Court hears what happened to Arck cash

Mr Clay spent 11 years in South Africa between 1994 and 2005, and has been subject to an arrest warrant from the South African police for over a decade.

He was accused of offering illegal money changing services to cheat South Africa’s financial controls, but lied on his job applications when he returned to the UK to get a job in the financial services industry.

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Judge Lorain-Smith said: ‘There has been an issue as to whether [your first fraud] was fraudulent from the outset, and I’ve come to the conclusion that it wasn’t.

‘You may well have seen this as a way to make a lot of money, not necessarily dishonestly.

‘Your attitude is that of a gambler who’s only motivation is that of personal gain.’

‘A huge number of very experienced independent financial advisors where deceived by you, deceived into investing not only their own money but their client’s money as well.’

He continued: ‘No sooner is other people’s money under your control, you start using it as your own.’

He added that since his arrest, Mr Clay had shown ‘a truly remarkable unwillingness to accept responsibility for anything’.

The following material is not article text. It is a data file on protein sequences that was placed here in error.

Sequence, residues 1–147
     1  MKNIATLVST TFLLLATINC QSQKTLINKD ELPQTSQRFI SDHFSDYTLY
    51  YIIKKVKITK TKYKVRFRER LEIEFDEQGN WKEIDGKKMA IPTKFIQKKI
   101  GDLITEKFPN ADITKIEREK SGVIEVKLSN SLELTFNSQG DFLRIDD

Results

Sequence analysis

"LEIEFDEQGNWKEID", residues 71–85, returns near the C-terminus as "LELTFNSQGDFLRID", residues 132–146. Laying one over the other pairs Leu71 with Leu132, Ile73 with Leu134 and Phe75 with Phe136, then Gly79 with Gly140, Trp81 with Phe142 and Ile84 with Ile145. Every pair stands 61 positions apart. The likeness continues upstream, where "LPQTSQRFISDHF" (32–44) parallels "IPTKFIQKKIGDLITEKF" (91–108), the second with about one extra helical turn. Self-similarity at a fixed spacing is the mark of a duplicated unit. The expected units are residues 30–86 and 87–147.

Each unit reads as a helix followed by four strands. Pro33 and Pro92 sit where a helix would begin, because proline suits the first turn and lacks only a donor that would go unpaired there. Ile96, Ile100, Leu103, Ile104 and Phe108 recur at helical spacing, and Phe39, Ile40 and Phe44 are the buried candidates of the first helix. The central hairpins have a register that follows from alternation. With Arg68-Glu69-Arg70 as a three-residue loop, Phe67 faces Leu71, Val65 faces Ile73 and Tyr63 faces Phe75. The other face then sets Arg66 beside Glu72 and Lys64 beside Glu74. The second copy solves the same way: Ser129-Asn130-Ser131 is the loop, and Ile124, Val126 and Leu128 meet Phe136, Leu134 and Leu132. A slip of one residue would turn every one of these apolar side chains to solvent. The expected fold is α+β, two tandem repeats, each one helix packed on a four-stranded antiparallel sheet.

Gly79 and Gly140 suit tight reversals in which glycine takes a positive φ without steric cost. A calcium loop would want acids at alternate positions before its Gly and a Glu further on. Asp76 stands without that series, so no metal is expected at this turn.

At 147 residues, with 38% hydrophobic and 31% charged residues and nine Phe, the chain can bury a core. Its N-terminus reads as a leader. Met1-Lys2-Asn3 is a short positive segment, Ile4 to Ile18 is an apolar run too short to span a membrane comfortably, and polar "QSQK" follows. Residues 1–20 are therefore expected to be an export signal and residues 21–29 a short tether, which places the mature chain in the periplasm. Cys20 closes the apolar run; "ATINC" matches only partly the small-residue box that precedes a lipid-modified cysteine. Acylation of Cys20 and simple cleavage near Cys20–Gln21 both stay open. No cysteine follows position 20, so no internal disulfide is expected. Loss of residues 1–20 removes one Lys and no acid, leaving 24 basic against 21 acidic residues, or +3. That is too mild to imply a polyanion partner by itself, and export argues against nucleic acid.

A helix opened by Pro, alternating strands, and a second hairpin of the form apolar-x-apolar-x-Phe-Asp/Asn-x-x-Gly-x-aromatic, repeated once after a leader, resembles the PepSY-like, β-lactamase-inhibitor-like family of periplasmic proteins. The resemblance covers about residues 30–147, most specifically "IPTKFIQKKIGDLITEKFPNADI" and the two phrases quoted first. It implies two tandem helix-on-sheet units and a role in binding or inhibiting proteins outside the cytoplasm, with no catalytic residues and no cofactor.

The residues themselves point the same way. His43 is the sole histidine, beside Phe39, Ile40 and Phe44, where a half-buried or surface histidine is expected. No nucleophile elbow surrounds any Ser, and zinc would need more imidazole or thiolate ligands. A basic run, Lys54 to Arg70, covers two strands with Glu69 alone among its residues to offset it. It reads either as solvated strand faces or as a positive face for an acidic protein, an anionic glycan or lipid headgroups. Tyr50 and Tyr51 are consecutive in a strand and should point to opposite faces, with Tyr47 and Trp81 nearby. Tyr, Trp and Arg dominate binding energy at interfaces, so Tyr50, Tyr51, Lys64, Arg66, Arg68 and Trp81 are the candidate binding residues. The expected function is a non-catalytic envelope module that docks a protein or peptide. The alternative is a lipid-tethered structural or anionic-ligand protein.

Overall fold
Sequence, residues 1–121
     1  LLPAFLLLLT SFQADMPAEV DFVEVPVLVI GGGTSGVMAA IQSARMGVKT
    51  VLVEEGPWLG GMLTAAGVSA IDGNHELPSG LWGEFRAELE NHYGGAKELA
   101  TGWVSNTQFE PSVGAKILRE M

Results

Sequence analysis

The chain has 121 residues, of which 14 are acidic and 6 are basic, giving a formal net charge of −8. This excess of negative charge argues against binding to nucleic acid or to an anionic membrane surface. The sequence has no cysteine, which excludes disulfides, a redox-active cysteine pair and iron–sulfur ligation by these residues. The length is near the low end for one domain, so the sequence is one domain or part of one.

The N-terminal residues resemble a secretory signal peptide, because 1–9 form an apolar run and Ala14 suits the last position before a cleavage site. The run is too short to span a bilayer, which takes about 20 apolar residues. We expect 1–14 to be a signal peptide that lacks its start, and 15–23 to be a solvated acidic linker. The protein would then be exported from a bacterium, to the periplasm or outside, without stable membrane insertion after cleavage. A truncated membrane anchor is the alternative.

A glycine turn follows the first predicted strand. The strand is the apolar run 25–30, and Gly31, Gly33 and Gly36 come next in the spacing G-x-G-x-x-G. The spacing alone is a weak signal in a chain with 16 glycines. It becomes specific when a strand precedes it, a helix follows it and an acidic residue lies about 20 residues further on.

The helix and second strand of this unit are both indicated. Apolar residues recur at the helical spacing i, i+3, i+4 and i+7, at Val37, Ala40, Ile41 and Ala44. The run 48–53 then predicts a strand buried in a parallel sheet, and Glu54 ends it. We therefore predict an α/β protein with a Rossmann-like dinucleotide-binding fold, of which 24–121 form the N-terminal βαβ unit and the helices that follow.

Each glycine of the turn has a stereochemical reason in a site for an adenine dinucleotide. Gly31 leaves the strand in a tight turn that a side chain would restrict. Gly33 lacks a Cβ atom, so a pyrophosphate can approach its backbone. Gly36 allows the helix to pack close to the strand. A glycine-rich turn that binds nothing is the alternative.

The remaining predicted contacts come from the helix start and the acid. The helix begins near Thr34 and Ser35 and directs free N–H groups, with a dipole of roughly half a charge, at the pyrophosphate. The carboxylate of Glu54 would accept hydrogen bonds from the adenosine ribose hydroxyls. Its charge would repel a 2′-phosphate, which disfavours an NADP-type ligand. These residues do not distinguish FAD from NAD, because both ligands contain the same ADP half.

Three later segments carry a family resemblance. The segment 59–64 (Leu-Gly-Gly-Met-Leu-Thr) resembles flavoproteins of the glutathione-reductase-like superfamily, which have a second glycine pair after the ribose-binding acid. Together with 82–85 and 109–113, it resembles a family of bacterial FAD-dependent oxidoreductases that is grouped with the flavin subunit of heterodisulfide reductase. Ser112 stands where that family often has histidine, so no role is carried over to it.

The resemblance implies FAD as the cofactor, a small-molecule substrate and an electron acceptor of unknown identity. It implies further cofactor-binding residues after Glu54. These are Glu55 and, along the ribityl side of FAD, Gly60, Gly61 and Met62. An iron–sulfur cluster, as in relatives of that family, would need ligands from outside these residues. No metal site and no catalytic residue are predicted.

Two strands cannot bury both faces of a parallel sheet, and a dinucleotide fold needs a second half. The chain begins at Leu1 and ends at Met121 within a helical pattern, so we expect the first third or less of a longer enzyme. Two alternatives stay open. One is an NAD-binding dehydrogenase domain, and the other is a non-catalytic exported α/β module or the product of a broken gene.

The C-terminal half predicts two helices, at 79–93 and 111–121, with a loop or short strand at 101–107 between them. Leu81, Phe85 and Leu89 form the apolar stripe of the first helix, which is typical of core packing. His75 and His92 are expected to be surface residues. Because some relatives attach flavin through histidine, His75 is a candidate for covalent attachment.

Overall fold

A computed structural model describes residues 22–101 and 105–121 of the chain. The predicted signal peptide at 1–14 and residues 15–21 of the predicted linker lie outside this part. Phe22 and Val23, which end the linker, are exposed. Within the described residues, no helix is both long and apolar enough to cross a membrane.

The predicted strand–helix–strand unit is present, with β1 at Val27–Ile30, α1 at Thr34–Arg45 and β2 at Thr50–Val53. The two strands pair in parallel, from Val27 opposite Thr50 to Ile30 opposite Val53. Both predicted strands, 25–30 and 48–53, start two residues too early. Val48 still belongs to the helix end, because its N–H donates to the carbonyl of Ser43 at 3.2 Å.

Handing Ms Clark a two-year sentence suspended for two years and 300 hours unpaid work, Judge Lorain-Smith said: ‘You are 50-years-old, you had an exemplary record before you Mr Clay.’

‘Everything I have seen, and I have been provided with a lot of material, has shown you had, by dint of hard work, carved out an impressive career for yourself.’

Mr Clark and Ms Clay were both recently divorced when they met in 2006, and had been working for the same investment firm, the court heard.

Judge Lorain-Smith said: ‘I have seen a lot of evidence about that relationship, not only from your family but from the contemporaneous emails between the pair of you.’

‘You were completely infatuated with him, despite the many and obvious infidelities.’

Ms Clark wept and shook in the dock as the judge read his remarks and leap up to hug her family after leaving the dock.

Arck, which is now in liquidation, created and marketed property investment financial products, focusing on investments in overseas off-plan property – property in the very early stage of the design and planning process.

Investors were told they could make a short-term profit by selling their investment before the project was completed with a price based on the projected final value of the original plot.

Mr Clay, of John O’Gaunts Way, Belper, Derbyshire, admitted three fraud charges brought by the Serious Fraud Office.

Ms Clark, of Birkhall Village Street, Edwalton, Nottingham, admitted three charges of fraud and two counts of forgery.